First major look into Aussie school lunches reveals parents are struggling

Nov 11, 2015

Almost half of all Aussie primary school kids bring lunch home uneaten once a fortnight, one of the most widespread surveys into what children eat at school has revealed.

The UNCLE TOBYS Fuel for Thought Report found that 45 per cent of parents swap healthy options for treats every week, while over half of parents pack three or more snacks a day. 

The report uncovered 1000 parents’ top priorities when packing a lunchbox, and found nutrition was on top, followed by whether the food offered enough energy to keep kids going throughout the day, and whether the food appealed to children.

While the focus of feeding children at school is often centred on lunchtime, Accredited Practising Dietitian Natasha Murray said children should be fuelling their bodies and brains with nutritious snacks more regularly.
“In some schools lunch can be as late as 1pm, so regular fuelling with healthy food throughout the day is important to keep their brain working at its best,” Ms Murray said.

According to the report released today, around 36 per cent of dads said health was the number one priority when packing a school lunchbox, while 32 per cent of mums focussed on ensuring enough food goes into the lunch boxes to keep their kids going.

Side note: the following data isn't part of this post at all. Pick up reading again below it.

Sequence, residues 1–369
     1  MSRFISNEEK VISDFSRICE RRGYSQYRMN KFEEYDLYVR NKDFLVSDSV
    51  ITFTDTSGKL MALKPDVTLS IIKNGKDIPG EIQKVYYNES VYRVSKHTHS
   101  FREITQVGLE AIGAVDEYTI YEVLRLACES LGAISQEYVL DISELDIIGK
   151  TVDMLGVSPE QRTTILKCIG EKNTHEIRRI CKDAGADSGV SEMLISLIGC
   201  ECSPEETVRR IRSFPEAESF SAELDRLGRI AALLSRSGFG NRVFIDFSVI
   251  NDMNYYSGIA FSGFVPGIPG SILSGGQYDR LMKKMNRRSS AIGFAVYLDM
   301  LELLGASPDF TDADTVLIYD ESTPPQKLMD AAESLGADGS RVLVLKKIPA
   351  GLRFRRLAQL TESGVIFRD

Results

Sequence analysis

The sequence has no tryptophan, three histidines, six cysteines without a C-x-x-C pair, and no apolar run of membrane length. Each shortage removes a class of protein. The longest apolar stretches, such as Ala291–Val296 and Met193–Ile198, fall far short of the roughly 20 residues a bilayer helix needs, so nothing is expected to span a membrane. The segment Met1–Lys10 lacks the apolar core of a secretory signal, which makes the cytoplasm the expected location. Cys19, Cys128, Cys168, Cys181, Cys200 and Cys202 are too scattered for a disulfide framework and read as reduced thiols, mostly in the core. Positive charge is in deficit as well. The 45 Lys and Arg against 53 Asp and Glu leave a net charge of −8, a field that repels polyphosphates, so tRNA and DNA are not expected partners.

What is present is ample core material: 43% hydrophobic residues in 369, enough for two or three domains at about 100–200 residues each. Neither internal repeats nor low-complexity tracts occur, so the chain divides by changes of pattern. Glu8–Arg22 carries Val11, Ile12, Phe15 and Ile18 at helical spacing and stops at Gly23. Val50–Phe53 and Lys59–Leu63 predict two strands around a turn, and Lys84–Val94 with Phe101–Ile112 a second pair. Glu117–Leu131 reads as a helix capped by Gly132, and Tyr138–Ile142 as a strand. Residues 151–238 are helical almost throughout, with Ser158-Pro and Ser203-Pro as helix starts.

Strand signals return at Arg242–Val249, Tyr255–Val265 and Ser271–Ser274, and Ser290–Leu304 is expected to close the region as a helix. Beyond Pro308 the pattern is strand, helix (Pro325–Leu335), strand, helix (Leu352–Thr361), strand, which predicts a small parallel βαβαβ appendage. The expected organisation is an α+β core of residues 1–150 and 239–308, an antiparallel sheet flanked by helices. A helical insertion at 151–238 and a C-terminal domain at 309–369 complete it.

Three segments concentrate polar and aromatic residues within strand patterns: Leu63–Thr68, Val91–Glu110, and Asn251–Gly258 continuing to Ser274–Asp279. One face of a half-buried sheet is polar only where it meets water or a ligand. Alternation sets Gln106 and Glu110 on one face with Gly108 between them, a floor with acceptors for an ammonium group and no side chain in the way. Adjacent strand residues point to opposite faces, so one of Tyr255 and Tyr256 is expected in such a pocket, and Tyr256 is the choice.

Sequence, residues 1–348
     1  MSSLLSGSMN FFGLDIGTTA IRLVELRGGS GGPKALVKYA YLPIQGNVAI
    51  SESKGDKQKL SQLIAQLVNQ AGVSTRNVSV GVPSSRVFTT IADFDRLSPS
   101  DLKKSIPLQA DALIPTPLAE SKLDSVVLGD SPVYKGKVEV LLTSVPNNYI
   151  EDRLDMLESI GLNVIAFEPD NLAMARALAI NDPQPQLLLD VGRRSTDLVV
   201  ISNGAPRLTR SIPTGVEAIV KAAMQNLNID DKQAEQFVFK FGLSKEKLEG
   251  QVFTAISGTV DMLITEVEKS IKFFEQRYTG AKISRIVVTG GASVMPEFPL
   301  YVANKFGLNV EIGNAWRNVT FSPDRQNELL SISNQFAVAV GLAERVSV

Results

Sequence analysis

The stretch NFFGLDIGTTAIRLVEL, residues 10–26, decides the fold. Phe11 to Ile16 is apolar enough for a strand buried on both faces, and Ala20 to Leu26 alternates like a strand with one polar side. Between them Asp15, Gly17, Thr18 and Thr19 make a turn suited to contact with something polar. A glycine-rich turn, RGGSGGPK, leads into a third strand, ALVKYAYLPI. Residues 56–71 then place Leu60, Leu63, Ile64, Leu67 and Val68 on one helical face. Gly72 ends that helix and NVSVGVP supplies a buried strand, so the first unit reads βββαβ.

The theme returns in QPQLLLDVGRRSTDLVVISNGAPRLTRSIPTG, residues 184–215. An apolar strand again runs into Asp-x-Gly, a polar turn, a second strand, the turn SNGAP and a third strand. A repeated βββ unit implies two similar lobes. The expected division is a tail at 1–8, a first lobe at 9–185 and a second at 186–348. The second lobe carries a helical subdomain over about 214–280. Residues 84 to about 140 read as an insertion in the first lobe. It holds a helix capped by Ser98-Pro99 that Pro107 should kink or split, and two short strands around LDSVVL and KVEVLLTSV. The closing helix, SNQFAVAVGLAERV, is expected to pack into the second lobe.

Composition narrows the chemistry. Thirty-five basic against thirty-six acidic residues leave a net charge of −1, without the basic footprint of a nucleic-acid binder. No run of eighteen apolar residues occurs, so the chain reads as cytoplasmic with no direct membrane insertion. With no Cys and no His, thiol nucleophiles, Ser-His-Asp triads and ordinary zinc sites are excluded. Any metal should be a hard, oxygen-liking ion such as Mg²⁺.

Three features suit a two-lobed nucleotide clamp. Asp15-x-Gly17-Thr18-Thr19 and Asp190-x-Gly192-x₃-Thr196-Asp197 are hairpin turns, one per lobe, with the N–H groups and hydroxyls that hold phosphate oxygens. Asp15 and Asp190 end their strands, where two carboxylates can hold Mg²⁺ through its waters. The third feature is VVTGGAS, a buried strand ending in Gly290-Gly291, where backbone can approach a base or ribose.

It also found that when choosing packaged snacks, 47 per cent of parents are concerned about sugar, while 30 per cent believe Health Star Ratings help them make informed choices. 

The report coincides with the launch of the first major overhaul of UNCLE TOBYS muesli bars in the brand’s history, creating Australia’s largest range of 4 Health Star Rating muesli bars. Both the UNCLE TOBYS Chewy and Yoghurt muesli bar ranges now have more wholegrain, while sugar has been significantly in the Yoghurt muesli bars range. 
The project to redesign the bars required a $7 million capital investment in new equipment at the factory at Wahgunyah in regional Victoria and took two years to complete. 

Ms Murray advises parents to get children involved in planning snacks and lunches. “Offer healthy foods and snacks you know will fuel them throughout the day, and let children choose options they like,” she said. 
“Get kids involved in preparing food and even packing the lunchbox – it’s well known that kids who help prepare food are more likely to eat it.”

Tips on packing a healthy lunch box:
1. Get kids involved in the planning of food for recess and lunchtime
2. Keep it simple
3. Offer up to four healthy snack options then let the kids choose
4. Make sure there’s at least one piece of fruit in their lunchbox every day
5. Provide fruit ready to eat
6. Make sure wrapped food can be opened easily by kids

Related information
Packing a balanced lunch box